This is where the club can shoulder some blame and where the club lack balance – they need to sit closer to the middle ground between super scrimping non-spenders and irresponsible cash splashers. I heard some stats the other day saying Arsenal's net spend between 1992 and 2011 was around £22 million. Chelsea's was over £500 million, Wolves, West Brom and Bolton all had a higher net spend than us. This is in some ways very commendable but as I said, it's about balance. We could afford to spend more and we're often told the funds are there. This reluctance to spend is one factor of many in our struggles. We've said for years how this team could benefit from more investment in the side and yet they always air too close to the scrimp and save end of the scale. We know that CL football is worth an estimated £35 million, this year we nearly cost ourselves that by being frugal. The arrivals of Podolski and Giroud is certainly a step in the right direction. Our handling of contracts too has been difficult. I know you can't force a player to extend but to lose Flamini and then be forced to sell Nasri and now RVP suggests they aren't putting right what's wrong. To have the same situation with Walcott in the same summer is criminal, Arsenal should be answering the question of why do players want to leave? Some other clubs are certainly better at keeping their top players, and more successful in the transfer market. Look at Newcastle who signed Ba, Cisse and Cabaye and now we hear Ba is hoping to stay. Even that lot down the road have, so far, managed to keep VDV, The Monkey and Modric. Why do we always seem to lose out? People cite lack of silverware but the Spuds haven't won the league since 1961, Newcastle don't even have CL football and neither team can pay as much as City. Again the balance isn't there, we put Diaby, who has had over 30 injuries since 2006 on a long term contract alongside players like Almunia who we had to release in the end. When we do have long contracts we fail to make them count, like in Cesc's case where we still sold him for far less than his worth when it should have forced a higher price for Barca.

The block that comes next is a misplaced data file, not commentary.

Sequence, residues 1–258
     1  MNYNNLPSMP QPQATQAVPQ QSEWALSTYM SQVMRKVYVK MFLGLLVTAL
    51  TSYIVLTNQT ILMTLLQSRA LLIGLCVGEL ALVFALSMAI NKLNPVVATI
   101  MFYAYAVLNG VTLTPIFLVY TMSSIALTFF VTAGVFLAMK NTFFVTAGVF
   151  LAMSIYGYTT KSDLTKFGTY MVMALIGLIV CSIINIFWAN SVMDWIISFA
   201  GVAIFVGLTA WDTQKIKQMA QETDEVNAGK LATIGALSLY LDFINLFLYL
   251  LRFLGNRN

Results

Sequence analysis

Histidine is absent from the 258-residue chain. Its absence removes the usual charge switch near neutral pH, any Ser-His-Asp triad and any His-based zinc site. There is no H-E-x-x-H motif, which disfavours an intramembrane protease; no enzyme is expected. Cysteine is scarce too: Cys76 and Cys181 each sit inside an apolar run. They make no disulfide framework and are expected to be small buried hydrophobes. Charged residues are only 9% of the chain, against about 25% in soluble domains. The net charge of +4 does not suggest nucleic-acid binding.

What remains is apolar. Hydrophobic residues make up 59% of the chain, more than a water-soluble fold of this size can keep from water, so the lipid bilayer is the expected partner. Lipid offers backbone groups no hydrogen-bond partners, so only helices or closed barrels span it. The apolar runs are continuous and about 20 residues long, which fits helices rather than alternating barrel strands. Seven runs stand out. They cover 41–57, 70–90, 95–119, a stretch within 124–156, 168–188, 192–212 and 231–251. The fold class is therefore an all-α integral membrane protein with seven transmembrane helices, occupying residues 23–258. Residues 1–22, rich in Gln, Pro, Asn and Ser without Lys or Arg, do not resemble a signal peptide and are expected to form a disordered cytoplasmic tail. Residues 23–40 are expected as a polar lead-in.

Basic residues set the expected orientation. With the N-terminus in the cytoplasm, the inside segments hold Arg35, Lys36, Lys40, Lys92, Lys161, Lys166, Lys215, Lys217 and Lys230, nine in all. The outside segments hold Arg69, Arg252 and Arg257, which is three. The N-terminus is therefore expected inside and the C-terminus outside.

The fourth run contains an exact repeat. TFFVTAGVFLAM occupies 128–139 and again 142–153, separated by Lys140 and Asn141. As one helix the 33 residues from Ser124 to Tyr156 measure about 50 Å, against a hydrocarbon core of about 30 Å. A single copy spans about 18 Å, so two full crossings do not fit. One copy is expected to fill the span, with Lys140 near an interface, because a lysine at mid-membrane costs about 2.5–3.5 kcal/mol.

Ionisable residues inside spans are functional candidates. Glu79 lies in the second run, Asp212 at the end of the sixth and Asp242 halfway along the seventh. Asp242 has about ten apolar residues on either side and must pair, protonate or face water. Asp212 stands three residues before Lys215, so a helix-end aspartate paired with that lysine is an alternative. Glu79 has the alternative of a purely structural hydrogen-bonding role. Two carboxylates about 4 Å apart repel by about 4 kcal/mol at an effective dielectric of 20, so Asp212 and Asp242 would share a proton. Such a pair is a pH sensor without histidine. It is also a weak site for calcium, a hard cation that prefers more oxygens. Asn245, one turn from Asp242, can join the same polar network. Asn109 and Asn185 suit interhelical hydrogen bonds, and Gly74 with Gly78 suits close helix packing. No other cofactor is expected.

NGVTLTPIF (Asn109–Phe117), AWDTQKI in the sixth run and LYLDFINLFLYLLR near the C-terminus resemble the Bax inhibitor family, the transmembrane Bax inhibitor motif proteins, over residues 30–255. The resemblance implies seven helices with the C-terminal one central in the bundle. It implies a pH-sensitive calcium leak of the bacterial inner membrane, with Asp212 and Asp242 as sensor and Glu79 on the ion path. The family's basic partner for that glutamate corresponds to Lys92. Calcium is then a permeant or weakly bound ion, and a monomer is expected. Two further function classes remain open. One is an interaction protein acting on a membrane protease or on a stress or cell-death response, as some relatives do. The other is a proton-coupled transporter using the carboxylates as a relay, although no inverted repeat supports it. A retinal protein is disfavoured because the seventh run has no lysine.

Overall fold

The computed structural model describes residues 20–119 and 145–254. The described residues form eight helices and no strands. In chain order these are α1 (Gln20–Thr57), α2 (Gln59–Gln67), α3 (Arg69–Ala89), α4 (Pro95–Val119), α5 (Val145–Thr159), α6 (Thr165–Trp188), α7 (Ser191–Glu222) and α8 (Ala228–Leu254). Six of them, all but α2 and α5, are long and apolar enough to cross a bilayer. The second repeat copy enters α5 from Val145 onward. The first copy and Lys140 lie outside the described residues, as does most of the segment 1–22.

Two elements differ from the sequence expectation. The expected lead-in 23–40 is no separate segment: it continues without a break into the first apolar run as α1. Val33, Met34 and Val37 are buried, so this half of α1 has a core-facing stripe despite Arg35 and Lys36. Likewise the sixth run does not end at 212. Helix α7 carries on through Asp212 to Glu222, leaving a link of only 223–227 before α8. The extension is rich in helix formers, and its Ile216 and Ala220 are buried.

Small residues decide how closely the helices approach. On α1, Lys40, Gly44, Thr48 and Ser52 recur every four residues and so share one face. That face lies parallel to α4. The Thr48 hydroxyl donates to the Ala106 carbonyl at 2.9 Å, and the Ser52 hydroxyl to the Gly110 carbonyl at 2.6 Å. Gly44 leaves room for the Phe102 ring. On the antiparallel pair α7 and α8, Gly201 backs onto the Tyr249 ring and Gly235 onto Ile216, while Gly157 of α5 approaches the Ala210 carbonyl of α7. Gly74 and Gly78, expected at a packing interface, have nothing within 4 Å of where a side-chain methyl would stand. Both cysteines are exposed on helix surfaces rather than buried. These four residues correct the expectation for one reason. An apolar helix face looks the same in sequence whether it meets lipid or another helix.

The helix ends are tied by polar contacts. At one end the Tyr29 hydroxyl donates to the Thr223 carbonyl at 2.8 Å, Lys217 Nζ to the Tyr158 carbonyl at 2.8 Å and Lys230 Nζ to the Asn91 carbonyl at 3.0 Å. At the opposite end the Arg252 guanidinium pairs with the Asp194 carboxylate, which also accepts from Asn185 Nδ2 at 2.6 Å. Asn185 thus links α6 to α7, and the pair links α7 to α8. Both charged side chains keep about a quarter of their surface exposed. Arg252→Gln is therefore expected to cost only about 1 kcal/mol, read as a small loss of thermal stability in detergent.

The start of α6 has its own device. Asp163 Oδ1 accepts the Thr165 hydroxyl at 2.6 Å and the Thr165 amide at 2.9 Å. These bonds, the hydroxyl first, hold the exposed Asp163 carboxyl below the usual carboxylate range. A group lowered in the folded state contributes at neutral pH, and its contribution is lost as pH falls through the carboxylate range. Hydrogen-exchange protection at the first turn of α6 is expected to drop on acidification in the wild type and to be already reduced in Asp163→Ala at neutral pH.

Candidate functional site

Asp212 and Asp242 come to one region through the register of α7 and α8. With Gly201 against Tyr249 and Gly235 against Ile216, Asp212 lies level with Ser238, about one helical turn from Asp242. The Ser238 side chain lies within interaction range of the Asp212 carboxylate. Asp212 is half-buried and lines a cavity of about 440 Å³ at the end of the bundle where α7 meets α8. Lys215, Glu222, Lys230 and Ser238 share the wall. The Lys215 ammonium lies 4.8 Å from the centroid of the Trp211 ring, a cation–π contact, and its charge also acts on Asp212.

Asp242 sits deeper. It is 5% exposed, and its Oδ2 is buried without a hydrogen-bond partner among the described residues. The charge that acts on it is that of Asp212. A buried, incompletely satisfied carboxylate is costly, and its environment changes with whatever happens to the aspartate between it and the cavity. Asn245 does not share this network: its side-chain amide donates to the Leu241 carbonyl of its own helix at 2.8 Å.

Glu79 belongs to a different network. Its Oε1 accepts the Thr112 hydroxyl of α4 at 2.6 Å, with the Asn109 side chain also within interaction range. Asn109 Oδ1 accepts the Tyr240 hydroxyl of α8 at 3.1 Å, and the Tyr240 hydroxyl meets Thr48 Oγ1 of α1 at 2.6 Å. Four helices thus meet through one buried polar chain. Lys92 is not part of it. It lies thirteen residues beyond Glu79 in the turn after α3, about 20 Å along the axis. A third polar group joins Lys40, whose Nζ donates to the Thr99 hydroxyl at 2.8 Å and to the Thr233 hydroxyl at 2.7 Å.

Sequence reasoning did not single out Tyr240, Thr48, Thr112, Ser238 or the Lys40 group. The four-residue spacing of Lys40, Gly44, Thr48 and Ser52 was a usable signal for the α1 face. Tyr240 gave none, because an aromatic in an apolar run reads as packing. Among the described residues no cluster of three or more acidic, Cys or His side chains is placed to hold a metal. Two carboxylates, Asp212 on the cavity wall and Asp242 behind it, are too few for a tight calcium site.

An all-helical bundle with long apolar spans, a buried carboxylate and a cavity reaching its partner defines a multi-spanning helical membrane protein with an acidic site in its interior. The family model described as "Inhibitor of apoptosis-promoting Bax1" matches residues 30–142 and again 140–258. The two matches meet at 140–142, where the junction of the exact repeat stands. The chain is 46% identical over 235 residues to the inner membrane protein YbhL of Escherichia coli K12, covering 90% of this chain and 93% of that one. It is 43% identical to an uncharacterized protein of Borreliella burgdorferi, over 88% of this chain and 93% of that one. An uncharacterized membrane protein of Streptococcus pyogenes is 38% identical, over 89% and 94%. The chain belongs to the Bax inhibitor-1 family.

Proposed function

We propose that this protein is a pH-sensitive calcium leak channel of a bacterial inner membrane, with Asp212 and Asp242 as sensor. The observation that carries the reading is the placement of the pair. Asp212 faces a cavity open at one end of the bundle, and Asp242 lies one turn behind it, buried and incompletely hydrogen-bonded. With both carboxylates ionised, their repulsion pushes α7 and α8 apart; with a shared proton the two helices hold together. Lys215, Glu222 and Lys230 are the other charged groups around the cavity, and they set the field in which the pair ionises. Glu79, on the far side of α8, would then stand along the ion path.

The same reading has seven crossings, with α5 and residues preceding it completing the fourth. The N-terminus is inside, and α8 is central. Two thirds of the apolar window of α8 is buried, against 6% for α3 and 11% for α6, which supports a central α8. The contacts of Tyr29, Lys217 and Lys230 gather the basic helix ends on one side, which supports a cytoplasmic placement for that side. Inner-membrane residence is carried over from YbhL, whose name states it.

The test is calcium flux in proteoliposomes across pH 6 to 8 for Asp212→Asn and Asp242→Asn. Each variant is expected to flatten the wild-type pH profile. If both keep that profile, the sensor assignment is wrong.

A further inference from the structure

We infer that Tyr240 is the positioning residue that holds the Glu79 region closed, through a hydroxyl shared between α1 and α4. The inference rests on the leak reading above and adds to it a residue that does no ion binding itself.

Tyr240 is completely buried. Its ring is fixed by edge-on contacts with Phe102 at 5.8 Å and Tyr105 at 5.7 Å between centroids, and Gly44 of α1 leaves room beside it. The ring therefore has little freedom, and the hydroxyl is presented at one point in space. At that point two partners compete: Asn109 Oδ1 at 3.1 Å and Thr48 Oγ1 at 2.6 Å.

Then we come to RVP's role in all this, and he certainly has a role. He is clearly more to blame than the club here, and regardless of his motivations the way he's gone about it is all wrong. You can understand his frustrations but the way to deal with them is behind closed doors, not publicly. But then he knows that. This isn't about resolving issues with the club, it's about engineering an exit. He clearly doesn't care if his admittance severely weakens Arsenal's hand when it comes to transfer negotiations as long as it gets him what he wants. Once again Arsenal face losing a top player for less than they're worth. His motivation may come from the way the club has progressed (or hasn't) in the last 7 years but I suggest he has a very selective memory. He's forgotten the countless injuries, the years when a 20 game season was the upmost you could expect from a player with one chocolate leg and one made of balsa wood. I think his decision to leave and how he's done it will quickly become a huge regret for him once he joins a new club. This team is built around him, I really think he'll struggle elsewhere like he did in the Euros and he'll see the grass isn't greener. The grass at the Emirates is the greenest.